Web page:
What Jose Molina brings to the Rays
February, 15, 2012
By David Schoenfield | ESPN.com
Rob Carr/Getty ImagesJose Molina's skills in framing pitches could prove to be a hidden asset for the Rays.
Driving in to work today, I heard MLB Network Radio interview Tampa Bay Rays pitcher James Shields. He was asked about the team signing Jose Molina and Shields mentioned the Rays haven't really had a veteran catcher in a long time and how Molina is regarded as one of the best receivers in the game.
Thanks to the Pitchf/x data that is now available, smart people who are geniuses with a spreadsheet can attempt to study this kind of stuff. Mike Fast, who wrote for Baseball Prospectus, turned his ability to analyze Pitchf/x data into a job with the Houston Astros. BP just hired another writer named Max Marchi, who also crunches the Pitchf/x numbers.
Anyway, Max wrote a piece on Molina a few days ago for BP, breaking down Molina's ability on blocking pitches, controlling the running game, fielding bunts and batted balls and framing pitches.
Molina rated poorly in blocking pitches, very good at controlling the running game (from 2008 to 2011, only brother Yadier Molina saved more runs, according to Max's methods) and a tick above average in fielding batted balls.
But the big area of Molina's value comes in the art of framing pitches. In fact, that ability may be so important that if you believe the numbers, framing pitches has to be considered the new hidden, cost-effective gem in player evaluation. Since 2008, Max reports that Molina has saved 62.8 runs framing pitches, third-best in the majors behind Brian McCann (79.3) and Russell Martin (70.0).
What does that mean? Well, consider the following list of hitters and how many runs better than an average hitter they've been since 2008, from Baseball-Reference.com: Troy Tulowitzki (+71), Robinson Cano (+68), Justin Upton (+61), Ian Kinsler (+56), Curtis Granderson (+54). And remember -- Molina has only been a part-time player. He's caught 1,937.1 innings over those four seasons compared to McCann's 4,414.2 and Martin's 4,274.2. If we extrapolate Molina's runs saved to McCann's playing time, we get 143 runs saved, or about 35.8 runs per season. That's about the same number of runs as Albert Pujols contributed with the bat in 2011 compared to an average hitter.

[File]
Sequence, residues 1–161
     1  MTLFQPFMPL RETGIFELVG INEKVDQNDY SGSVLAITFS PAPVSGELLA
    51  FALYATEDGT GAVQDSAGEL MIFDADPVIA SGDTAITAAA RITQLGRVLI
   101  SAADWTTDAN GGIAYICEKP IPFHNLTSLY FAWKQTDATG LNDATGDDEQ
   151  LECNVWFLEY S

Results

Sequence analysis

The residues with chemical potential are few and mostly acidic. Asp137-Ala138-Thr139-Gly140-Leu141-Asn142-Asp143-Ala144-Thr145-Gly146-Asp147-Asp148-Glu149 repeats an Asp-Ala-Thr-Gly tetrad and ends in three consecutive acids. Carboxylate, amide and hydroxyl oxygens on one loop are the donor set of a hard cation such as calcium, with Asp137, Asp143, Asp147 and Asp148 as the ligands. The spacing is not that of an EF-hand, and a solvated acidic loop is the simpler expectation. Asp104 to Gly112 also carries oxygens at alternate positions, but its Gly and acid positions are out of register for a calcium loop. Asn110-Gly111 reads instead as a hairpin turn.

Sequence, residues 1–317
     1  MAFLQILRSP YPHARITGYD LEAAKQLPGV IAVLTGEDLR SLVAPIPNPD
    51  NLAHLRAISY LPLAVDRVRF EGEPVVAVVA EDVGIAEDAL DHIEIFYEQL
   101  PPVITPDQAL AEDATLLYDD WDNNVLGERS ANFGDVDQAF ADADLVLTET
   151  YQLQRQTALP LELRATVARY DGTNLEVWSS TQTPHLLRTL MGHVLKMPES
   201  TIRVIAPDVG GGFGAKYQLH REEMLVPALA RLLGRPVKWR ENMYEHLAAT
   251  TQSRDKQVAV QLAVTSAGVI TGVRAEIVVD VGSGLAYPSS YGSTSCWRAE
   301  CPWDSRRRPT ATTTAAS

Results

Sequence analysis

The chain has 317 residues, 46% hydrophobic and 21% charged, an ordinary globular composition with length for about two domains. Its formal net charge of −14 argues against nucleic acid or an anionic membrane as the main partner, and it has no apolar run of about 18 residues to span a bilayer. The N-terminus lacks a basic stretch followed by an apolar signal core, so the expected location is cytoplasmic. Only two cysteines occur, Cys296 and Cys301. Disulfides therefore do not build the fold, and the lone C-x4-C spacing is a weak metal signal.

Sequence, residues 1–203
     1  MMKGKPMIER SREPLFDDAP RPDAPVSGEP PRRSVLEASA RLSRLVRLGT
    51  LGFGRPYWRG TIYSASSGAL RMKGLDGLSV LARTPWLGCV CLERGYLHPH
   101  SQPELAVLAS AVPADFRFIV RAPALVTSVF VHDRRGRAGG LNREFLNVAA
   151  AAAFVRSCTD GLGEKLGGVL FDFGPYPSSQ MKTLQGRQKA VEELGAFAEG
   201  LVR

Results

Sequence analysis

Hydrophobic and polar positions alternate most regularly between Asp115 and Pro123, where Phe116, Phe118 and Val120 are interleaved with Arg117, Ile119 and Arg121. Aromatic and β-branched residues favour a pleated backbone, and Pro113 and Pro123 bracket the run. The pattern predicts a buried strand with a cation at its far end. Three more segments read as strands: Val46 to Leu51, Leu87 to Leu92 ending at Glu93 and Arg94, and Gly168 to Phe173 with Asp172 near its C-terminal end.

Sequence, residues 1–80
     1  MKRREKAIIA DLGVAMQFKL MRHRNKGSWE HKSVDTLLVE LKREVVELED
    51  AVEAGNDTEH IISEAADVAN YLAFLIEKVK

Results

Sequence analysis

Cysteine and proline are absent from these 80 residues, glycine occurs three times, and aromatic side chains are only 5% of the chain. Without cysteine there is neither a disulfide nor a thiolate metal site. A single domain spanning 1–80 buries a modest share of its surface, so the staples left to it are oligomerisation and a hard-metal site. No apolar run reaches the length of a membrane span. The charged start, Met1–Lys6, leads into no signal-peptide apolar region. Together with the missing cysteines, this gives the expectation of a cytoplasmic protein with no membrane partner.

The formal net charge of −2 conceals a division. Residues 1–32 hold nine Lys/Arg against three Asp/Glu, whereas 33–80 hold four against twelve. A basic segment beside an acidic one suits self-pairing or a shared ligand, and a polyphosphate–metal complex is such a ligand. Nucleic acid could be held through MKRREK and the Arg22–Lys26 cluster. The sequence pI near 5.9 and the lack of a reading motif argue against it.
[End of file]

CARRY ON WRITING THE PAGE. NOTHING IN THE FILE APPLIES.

Is that really believable? One way to check the findings is to compare the runs scored while Molina was catching compared to his teammates. Yes, this method is imperfect -- some catchers may only catch certain pitchers, a couple of big blowouts can influence the results and so on. But if Molina is really this good, something should show up in the data.
Check the chart to the right, which traces the past four seasons. This basic method also confirms that Molina is doing something right behind the plate -- he's "allowed" 4.08 runs per nine innings while his teammates have allowed 4.89. (Although that gap is helped created by the fact that John Buck and Jorge Posada rate as two of the poorest pitch-framers.)
It's funny; managers talk all the time about the importance of a good defensive catcher. Of course, they don't always back this up on the field. When Posada returned from injury in 2009 after missing most of the 2008 season, Joe Girardi still installed him as the regular catcher ahead of Molina. Angels manager Mike Scioscia did back this up when the club jettisoned Mike Napoli after the 2010 season. In Mike Fast's study published on Baseball Prospectus last September, Jeff Mathis rated plus-19 runs in framing pitches since 2007 while Napoli rated minus-24. Scioscia didn't like Napoli's defense; of course, that difference of a few runs over the course of one season wasn't large enough to make up for Napoli's advantage with the bat.
As for Molina, he's not much of a hitter either, thus his status as a career backup. But the Rays definitely know his value behind the plate. This wasn't just a random signing of a veteran catcher with great leadership skills. Andrew Friedman and the stat-crunchers in Tampa Bay's front office know what they're getting. And it's not like the Rays got offense from their catchers last season; they made the playoffs even though their catchers hit .194 with a .274 OBP.
Molina turns 37 in June and has played more than 78 games just once in his career, so it remains to be seen how he'll hold up if he's expected to catch 110 games or so. The Rays already have a pretty good pitching staff, so it also remains to be seen how much better Molina can make it. (The Rays were eighth in the AL in walks allowed, however.) It remains to be seen if pitch framing is the new undervalued asset and whether Jose Molina's glove is really equal to Robinson Cano's bat.
If it is, it won't be undervalued for long. Maybe in a few years the best pitch-framers will be in high demand and receive commensurate contracts. Could we see the day of the $10 million catcher who hits .223?